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It turns out that an effect passed to SpriteBatch.Begin must follow specific conventions: Texture2D<float4> Texture : register(t0); // SpriteBatch expects that default texture sampler parameter will have name 'TextureSampler' sampler TextureSampler : register(s0); // SpriteBatch expects that default vertex transform parameter will have name ...


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Keep in mind that in XNA (and all other 3D libraries), 2D is 3D! In XNA, sprites are just 3D planes drawn to the screen. Any shader you use in 3D will work just as well with the spritebatch. Spritebatch.Begin() has a parameter for the shader to pass in. If I'm following you, you want to use the depth image to blend between two images. Here's what I would ...


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You can't rewrite that loop so that it can't be unrolled. GPUs do not in general support a varying number of attributes to be passed between stages. You can, however, eliminate the loop entirely. Just pass vPosWS to the fragment shader, and do the loop there. Then the unrolling will actually be helpful. Bonus: You don't waste an absurd amount of bandwidth ...


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Unroll. The instruction cost is minimal - just a subtraction! You can try and put "[unroll]" (without quotes) just above the "for" line, or just unroll manually, but, really, unroll. You won't even have the comparison instruction for the for loop check.


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I'm a newb to DirectX myself, but from what I've read, in HLSL, this: Texture textures[3]; Will actually be compiled like this: Texture textures0; Texture textures1; Texture textures2; So indexing into the array won't work.


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The compiler won't always put the ".xyz" of a hlsl variable into ".xyz" of a register, if that's what you're referring to - sometimes it will move between .xyz, .xyw, .yzw, or even between components in separate registers, depending on if it's some intermediate calculation value or not and how much register pressure there is. As far as I'm aware there's no ...


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I do it like this, so no divide in the PS. Vertex Shader code follows: struct VertextoPixel { float4 pos : SV_POSITION; float2 tex : TEXCOORD0; }; VertextoPixel main(uint vI : SV_VERTEXID) { float2 inTex = float2(vI%2,vI%4/2); VertextoPixel Out = (VertextoPixel)0; ...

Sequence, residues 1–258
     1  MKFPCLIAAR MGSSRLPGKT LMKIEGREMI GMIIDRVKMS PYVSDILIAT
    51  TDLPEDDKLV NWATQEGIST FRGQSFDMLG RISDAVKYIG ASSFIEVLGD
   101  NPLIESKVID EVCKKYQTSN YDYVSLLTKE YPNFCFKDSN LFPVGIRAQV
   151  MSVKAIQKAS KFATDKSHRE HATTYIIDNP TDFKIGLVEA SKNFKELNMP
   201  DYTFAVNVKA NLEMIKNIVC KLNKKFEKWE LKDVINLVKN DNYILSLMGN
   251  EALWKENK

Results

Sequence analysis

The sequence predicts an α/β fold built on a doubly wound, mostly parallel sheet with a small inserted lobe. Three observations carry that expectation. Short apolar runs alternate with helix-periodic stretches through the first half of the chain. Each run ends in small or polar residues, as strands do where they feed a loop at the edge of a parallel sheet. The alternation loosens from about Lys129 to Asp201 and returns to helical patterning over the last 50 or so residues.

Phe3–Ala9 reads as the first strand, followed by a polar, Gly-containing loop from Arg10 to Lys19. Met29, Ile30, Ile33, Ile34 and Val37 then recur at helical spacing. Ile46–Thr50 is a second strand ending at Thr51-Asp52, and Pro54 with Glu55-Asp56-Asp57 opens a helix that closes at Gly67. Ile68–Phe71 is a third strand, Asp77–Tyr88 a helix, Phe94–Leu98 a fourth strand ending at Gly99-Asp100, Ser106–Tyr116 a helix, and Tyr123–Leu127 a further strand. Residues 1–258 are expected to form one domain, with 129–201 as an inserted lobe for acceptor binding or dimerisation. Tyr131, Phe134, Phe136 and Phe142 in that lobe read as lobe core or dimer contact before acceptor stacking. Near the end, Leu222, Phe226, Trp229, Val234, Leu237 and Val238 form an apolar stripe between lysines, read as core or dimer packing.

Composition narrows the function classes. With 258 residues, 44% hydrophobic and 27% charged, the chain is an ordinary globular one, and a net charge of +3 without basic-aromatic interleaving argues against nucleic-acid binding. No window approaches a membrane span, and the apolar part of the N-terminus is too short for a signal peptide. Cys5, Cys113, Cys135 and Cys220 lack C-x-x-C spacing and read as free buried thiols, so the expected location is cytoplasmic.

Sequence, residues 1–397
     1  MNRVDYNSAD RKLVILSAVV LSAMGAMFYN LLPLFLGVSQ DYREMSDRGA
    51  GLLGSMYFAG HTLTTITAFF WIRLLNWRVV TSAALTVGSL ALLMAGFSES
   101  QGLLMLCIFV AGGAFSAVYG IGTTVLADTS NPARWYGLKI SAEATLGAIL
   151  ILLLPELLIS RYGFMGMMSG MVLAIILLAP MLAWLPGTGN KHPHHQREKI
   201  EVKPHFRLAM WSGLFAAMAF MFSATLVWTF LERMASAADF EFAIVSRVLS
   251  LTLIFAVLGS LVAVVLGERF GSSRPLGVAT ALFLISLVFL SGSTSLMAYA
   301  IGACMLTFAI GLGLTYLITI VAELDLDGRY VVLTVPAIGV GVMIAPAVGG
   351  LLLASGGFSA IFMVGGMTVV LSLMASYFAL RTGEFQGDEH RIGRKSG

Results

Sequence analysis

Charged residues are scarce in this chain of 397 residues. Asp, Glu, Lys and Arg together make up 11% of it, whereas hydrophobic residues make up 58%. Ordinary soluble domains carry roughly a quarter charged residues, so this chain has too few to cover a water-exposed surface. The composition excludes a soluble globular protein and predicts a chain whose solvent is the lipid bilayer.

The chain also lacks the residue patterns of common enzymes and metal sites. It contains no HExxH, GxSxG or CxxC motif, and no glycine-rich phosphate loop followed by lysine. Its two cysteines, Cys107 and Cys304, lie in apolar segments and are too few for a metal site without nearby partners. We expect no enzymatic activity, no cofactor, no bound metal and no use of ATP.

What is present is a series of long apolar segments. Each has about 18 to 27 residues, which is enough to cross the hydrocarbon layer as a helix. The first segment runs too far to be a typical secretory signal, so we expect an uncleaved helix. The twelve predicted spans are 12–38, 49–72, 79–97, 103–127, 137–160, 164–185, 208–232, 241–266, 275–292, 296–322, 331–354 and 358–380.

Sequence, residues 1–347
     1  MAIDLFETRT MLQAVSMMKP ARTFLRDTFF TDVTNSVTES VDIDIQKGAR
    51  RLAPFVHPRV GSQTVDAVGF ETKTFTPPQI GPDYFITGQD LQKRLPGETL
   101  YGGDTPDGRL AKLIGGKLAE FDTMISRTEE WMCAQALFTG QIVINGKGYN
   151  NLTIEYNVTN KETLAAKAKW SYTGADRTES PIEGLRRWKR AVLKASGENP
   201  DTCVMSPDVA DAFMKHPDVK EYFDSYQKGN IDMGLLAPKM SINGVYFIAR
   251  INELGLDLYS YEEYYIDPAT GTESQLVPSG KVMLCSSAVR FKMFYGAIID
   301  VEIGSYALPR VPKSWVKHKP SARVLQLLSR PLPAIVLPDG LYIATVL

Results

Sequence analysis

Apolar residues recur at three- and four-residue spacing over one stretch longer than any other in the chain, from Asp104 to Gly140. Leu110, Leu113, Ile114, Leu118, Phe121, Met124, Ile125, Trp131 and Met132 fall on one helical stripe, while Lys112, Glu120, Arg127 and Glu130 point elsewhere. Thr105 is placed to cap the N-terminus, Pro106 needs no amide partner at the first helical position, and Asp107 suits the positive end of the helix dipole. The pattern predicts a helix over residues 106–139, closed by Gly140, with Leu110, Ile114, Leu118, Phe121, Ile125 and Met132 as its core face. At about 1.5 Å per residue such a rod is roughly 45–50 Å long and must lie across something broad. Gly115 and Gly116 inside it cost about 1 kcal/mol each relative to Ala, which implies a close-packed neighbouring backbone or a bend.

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Conservative rasterization is a fix for this problem. Thanks to Nathan Reed's comments, in preparation for the generation of a lightmap, I dilate the uv coordinates and recalculate they're associated positions based on the dilation. For each triangle: Compose an array of edges in uv space. For each edge: a. Compute the cross product using the edge ...


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The key step that you're missing is the implicit slot assignment that occurs when you compile a shader. When you compile an HLSL shader that contains a bindable object (be it a Texture2D, RWStructuredBuffer, or cbuffer), each object must be assigned a slot number. This corresponds to the UINT StartSlot parameter to e.g. VSSetConstantBuffers. You can ...


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You don't specify what rendering method you want to use. Standard rasterisation of a 3D mesh? Or do you have a volume representation of the model and your renderer uses that directly? If you render a volume, check this: http://http.developer.nvidia.com/GPUGems/gpugems_ch39.html especially 39.2. The effect in the picture you provide is mainly subsurface ...


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That is explained here by Shawn Hargreaves, the Xna lead coder http://blogs.msdn.com/b/shawnhar/archive/2010/04/05/spritebatch-and-custom-shaders-in-xna-game-studio-4-0.aspx



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